I have a huge amount of appreciation for the Master: when Derek Jacobi said that iconic line in Utopia it was with good reason that I, along with thousands of other fans, had tangible goosebumps. Because what we most fear in the Master is what he represents – an intriguing glimpse into what the Doctor would be like if he didn’t try to be a good man. And for every excellent episode he does not disappoint. The original and best, Roger Delgado, is utterly sublime in The Daemons, and such is his skill in the role that even in relatively unlikeable stories such as The Time Monster, his charm and his chemistry with Jon Pertwee make the story worth watching.
And of course, as a Timelord the Master shares that great benefit of the Doctor – to recast the actor at will. I will skim over the obvious elephant in the room (Missy) to say simply that I think while most Masters pale in comparison to Delgado, they also get an unfair deal. Anthony Ainley was very good in Logopolis, and I think mainly hindered by direction from John Nathan Turner to play the role like Delgado (including the rubbish beard) and massively camped up. Eric Roberts’ realisation of the role wasn’t actually that bad, and fit with the theme of the movie, while John Sim only suffered from the crime of being asked to mimic my most hated of Doctors – if he had played the role more like Sam Tyler and less like David Tennant I would have been much happier! But what a missed opportunity – Derek Jacobi would have been majestic as the Master, if only he had been allowed to remain for longer.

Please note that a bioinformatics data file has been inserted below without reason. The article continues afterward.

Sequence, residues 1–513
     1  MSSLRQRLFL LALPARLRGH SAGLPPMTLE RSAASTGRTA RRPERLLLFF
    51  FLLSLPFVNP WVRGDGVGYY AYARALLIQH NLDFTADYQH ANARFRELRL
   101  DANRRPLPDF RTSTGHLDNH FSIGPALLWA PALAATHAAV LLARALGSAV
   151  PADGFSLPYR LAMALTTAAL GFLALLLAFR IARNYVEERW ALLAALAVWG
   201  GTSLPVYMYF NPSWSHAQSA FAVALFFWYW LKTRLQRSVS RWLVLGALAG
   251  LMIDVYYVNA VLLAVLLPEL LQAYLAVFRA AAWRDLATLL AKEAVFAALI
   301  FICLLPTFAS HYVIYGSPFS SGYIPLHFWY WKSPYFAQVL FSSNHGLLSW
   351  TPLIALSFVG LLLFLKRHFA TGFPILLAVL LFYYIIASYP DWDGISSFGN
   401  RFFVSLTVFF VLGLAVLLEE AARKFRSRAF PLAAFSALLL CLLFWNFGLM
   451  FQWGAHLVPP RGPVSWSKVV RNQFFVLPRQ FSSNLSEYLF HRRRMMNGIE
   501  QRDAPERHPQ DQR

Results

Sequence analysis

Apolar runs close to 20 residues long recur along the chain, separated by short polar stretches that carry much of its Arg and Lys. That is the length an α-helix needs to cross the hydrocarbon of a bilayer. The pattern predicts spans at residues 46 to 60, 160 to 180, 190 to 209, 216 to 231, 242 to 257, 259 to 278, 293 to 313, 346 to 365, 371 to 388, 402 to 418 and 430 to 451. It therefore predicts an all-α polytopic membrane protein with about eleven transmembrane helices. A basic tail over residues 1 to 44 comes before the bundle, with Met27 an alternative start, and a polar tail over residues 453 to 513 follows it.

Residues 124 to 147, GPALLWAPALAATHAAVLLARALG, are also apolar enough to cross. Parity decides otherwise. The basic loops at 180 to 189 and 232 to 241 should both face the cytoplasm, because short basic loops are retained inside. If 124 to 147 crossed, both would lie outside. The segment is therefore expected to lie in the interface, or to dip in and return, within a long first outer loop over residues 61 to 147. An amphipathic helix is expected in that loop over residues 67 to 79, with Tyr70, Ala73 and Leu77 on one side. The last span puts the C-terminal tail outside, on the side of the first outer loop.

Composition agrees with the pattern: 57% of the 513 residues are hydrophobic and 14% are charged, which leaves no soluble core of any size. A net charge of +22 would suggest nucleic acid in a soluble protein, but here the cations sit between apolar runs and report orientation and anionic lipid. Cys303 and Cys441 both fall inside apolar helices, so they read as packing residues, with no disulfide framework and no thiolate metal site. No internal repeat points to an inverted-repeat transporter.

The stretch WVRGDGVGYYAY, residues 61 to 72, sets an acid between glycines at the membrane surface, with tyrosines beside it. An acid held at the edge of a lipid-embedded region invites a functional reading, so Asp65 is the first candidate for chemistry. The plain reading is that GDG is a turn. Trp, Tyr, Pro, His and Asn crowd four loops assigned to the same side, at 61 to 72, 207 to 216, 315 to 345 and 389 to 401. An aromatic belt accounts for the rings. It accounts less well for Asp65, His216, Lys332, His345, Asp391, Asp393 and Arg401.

Oddly enough, I really enjoy the two ‘decayed’ versions of the Master portrayed by Peter Pratt and Geoffrey Beevers – even if the makeup for Beevers could have done with some radical improvement. If the BBC come to their senses and admit that ‘Missy’ was a mistake, I would love to see a reprise of this version of the Master. In the commentary for The Keeper of Traken, Beevers explores the idea that the Master relies on guile and charm to achieve his nefarious ends – there was something shockingly amazing when he is deprived of his mask and forced to be crudely cruel.
So I hugely enjoy the Master – but of the three best recurring enemies he is last and least. Phrased positively, it is because of the quality of the enemies above him – he is in very good company! Phrased negatively – for all of the good episodes, there are too many misses – many of them I have already reviewed! Where he ought to be used as an impact villain, he’s too often used like the Hooded Claw from The Perils of Penelope Pitstop – a perfect pantomime villain. And for that reason, he sadly gets marked down ..